Embattled Falun Gong says to fight China by radio

BEIJING, June 30, 2000 (Reuters) - The embattled Falun Gong spiritual movement will take to the air waves on Saturday with daily Chinese-language broadcasts designed to counter Beijing's harsh crackdown on the sect, the group said.

Almost a year after China banned Falun Gong and launched a crackdown on what it has labelled an "evil cult," World Falun Dafa Radio will make its debut on 9.915 MHz and online at www.falundafaradio.org, it said in a statement.

Falun Dafa, which means the Great Law of the Dharma Wheel, is another name for the movement, which combines meditation with a doctrine rooted loosely in Buddhist and Daoist teachings.

The nightly one-hour broadcast at 10 p.m. Beijing time (1400 GMT) aims to counter "defamation" and "persecution" of the meditation movement by Communist authorities, it said. The statement did not say where the broadcast is coming from.

"To justify their brutal crackdown, the Chinese government launched an intensive defamation campaign against Falun Gong," the statement said.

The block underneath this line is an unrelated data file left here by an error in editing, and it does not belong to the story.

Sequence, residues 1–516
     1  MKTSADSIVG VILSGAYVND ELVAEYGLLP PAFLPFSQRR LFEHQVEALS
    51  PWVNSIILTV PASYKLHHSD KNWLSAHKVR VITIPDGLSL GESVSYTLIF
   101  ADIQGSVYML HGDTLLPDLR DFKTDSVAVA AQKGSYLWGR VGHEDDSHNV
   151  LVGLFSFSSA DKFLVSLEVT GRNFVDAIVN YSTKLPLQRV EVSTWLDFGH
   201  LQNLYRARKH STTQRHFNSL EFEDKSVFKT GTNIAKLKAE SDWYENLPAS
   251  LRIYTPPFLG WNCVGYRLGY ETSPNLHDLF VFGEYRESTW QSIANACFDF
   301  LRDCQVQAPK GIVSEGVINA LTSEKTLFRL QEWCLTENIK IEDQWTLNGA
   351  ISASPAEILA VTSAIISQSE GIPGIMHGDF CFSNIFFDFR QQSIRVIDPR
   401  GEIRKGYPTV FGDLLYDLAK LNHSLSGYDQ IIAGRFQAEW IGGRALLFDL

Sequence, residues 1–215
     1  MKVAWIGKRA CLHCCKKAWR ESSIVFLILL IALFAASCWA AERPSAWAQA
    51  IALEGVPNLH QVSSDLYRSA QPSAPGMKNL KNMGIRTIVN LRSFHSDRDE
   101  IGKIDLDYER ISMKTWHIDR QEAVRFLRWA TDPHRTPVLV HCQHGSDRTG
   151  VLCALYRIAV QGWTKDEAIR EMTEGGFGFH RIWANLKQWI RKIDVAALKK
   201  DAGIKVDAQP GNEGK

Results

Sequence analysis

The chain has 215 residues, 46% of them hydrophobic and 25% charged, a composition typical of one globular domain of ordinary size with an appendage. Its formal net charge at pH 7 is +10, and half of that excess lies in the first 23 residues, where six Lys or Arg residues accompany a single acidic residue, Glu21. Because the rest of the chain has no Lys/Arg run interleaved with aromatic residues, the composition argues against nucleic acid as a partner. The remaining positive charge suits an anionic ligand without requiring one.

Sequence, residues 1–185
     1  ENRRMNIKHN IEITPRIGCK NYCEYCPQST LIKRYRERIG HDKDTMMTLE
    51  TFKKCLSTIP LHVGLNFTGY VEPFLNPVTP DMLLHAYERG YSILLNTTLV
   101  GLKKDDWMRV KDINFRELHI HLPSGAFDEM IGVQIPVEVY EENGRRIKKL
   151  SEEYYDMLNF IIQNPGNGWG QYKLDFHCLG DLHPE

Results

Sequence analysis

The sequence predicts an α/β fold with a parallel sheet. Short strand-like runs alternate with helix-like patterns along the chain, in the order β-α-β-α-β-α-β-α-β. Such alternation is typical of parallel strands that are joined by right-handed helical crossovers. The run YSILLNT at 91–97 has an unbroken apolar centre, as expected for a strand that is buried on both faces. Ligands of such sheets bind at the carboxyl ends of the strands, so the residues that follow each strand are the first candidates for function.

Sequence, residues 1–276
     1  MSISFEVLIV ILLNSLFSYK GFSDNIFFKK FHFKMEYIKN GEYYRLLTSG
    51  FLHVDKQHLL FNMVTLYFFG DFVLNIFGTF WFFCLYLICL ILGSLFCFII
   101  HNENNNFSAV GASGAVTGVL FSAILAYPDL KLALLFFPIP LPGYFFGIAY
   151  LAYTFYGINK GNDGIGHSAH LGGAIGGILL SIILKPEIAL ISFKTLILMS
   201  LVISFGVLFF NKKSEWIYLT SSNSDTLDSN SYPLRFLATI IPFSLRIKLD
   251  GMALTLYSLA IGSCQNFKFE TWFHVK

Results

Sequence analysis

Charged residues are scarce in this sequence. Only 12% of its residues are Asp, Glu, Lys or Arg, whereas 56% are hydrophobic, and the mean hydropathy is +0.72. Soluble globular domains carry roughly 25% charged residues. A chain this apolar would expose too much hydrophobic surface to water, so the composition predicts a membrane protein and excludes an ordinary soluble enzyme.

"It fabricated horror stories and distorted facts to cover the truth," it said.

China banned Falun Gong in July last year and launched a fierce campaign against the group in the state media. It says Falun Gong is anti-science and cheats its followers, blaming it for 1,500 deaths by suicide or refusal to accept medical care.

Falun Gong denies this and says thousands of its adherents have been arrested and hundreds sent to labour camps.

The Hong Kong-based Information Centre for Human Rights and Democracy said it had documented at least 22 deaths of Falun Gong adherents who have died in police custody as a result of torture, forced medication and other abuses.

Founded by Li Hongzhi, a Chinese former granary clerk who now is thought to live in exile in New York, the group initially shocked the atheist Communist Party when 10,000-members circled the leadership's Beijing compound in protest on April 25, 1999.

Falun Gong says it has tens of millions of followers in China and 40 other countries.

The government, which claims the group had two million members at its peak, says membership has dwindled to roughly 40,000. Recent state media reports have focused on those who have left the group and resumed normal lives.

China blocks Web sites it deems politically sensitive and has jammed radio broadcasts it viewed as hostile to its Communist government.


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